Firefly

I will become a firefly.

I will dance between your

fingers and then fly away

into the distance.

Perhaps I will be back tomorrow.

Perhaps I will wander forever.

I will build myself  a nest among the stars

with branches from the sycamore tree.

I will feed myself honeydew

and the juices will run down my chest

and puddle in my lap,

staining my white, lace dress.

I will compose a song

from whispers, winks, and wind chimes,

and I will hum it to myself

as I journey across the night,

towards sunrise.

I will become a firefly,

and I will be remembered, not by name,

but by the color of my light.

 

Advertisements

Conversation

When we sit together here

I think about the distance

that is held within these few inches.

How so short a distance

can seem so impassable.

Why do we never fully say the words

we mean to say?

We try to catch them in our throats

and the tails come out as whispers;

ghosts of what they were meant to be.

Except for the daggers.

They come out whole and angry.

I am covered in cuts and lashes,

but I still do not know what you mean

or if you meant it.

 

Writing While it Floods

It’s storming again.

Big, fat rain drops pelting down from the sky.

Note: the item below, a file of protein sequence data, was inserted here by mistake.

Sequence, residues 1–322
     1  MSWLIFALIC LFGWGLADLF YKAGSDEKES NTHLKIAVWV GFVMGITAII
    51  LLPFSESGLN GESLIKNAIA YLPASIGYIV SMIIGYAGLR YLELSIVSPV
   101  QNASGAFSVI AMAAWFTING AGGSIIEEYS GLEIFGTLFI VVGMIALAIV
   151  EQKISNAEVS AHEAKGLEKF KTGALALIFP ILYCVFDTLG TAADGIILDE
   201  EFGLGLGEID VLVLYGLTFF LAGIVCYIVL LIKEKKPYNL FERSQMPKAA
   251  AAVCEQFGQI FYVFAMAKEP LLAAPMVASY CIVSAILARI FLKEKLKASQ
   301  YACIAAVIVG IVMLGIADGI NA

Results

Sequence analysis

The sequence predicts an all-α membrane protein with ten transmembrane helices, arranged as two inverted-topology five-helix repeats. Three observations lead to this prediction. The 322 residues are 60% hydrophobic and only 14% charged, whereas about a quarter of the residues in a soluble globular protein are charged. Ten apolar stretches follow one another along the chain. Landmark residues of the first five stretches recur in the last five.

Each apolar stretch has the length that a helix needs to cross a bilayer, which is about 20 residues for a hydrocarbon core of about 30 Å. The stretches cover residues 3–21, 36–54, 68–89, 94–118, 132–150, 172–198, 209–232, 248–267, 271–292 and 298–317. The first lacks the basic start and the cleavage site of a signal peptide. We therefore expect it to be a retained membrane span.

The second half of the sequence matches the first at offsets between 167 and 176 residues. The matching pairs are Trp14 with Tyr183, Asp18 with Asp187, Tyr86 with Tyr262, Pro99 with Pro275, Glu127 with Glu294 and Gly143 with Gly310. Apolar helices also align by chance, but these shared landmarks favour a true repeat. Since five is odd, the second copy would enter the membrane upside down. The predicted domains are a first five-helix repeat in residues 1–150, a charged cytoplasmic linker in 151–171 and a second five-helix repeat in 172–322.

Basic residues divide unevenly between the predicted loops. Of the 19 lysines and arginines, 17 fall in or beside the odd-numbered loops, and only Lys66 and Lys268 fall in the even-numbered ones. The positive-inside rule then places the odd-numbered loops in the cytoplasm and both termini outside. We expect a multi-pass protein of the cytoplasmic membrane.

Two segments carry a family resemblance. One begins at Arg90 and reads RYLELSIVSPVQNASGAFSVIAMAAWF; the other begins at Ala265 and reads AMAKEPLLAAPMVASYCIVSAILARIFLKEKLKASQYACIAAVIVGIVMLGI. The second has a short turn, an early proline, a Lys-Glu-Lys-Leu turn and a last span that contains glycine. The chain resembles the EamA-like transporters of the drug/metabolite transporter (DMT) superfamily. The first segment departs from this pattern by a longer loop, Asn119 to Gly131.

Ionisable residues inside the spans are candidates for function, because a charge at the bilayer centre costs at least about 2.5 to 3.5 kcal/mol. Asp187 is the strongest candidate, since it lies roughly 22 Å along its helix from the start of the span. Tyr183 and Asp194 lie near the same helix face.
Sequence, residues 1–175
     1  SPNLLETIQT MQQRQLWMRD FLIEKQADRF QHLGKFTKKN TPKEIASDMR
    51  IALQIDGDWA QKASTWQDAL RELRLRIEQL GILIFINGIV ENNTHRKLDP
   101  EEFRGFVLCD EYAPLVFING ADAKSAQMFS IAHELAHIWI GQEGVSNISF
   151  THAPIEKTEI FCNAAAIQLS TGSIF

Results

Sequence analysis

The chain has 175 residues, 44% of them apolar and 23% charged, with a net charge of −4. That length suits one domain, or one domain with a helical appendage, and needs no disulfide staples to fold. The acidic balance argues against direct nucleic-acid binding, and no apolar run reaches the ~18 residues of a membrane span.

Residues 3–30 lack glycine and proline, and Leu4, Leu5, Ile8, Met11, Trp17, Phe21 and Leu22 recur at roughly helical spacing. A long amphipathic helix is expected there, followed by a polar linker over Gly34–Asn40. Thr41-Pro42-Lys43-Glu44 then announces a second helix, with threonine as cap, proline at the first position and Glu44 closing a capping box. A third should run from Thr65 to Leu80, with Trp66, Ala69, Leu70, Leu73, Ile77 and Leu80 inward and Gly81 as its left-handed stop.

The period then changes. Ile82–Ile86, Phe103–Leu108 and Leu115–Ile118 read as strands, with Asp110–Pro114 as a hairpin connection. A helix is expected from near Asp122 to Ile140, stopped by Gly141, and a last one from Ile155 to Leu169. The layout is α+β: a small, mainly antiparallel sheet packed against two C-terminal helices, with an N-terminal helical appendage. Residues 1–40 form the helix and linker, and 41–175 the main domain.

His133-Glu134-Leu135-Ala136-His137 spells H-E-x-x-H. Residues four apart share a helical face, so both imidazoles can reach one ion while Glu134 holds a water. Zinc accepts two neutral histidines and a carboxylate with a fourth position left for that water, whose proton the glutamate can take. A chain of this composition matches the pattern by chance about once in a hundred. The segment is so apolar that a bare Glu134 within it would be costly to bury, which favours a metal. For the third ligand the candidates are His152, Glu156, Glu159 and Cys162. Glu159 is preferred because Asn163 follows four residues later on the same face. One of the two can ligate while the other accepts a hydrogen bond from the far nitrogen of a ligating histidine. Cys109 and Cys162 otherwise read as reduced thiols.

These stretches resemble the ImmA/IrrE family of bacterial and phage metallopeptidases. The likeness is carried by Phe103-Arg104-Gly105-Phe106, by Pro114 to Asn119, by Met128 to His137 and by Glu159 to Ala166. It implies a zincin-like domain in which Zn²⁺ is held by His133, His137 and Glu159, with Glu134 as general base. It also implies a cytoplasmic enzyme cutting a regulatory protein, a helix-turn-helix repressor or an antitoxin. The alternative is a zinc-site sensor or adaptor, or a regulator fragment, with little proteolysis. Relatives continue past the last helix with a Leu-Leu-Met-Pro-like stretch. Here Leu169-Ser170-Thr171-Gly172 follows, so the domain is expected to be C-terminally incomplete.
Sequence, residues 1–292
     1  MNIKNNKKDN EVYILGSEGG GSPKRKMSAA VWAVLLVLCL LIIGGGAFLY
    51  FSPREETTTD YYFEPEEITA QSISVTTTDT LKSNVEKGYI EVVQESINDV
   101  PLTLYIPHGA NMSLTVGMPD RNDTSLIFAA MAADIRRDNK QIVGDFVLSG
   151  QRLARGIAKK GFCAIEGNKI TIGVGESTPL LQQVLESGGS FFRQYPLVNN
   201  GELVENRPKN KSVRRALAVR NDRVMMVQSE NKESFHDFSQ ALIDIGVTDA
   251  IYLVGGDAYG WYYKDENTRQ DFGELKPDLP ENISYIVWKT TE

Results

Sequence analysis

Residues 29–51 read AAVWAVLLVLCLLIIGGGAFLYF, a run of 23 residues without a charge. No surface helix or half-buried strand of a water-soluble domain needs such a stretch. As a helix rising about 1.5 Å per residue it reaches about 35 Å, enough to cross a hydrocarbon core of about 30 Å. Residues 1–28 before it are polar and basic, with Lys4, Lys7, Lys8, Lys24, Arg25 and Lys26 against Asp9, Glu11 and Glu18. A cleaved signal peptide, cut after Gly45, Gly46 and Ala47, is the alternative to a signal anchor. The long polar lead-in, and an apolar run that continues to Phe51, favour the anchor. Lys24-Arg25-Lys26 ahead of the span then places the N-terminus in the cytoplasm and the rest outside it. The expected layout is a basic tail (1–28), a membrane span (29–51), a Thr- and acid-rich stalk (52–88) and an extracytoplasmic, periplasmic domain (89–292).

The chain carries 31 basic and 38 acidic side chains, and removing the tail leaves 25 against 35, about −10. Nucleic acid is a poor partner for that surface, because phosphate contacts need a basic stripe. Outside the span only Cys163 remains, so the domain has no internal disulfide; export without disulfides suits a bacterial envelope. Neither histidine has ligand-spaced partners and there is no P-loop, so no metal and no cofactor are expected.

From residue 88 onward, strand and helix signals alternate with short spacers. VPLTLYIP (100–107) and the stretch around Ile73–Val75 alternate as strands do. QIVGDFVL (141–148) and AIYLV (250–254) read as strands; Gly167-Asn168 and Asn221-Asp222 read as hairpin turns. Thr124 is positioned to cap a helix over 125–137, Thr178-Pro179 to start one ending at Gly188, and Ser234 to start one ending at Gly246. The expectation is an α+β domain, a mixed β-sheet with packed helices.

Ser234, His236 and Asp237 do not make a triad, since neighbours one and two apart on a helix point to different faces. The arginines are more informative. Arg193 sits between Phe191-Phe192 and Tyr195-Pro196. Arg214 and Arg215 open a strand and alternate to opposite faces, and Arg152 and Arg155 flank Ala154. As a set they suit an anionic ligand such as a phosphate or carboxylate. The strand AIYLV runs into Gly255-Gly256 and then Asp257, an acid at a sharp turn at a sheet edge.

Violently. They beat against the windows and assault the ground,

like tiny hammers. Worms escape from the earth to crawl their way higher,

onto roads and sidewalks, trying not to drown.

Tiny bumps are rising from the skin on my bare arms

and I tuck them in closer to my body.

I squat down on the splintery boards of our little balcony

and listen to the barrage against the roof and leaves.

The crick has overflowed its boundaries and spilled over

into the baseball field just down the road, past the grocery store.

I know it won’t reach us here on the upper floor of a building that’s standing on a hill.

There’s pictures of cars floating in flooded underpasses on TV,

from the people who were just a little too daring.

Luckily, the motorcyclist in my family managed to get home

before it really started coming down. I don’t imagine bikes mix well with flood waters.

It’s not so bad so far, no kayaks in the department store parking lots this year,

but don’t mention that out-loud, you don’t wanna jinx it.

A bedraggled squirrel tries to climb up under the shelter of our balcony but

ducks back down the fire escape when he sees me there already.

The trees across from where I’m squatting are startlingly green under the grey clouds

and the air is filled with that worm-rain smell that I have such a hard time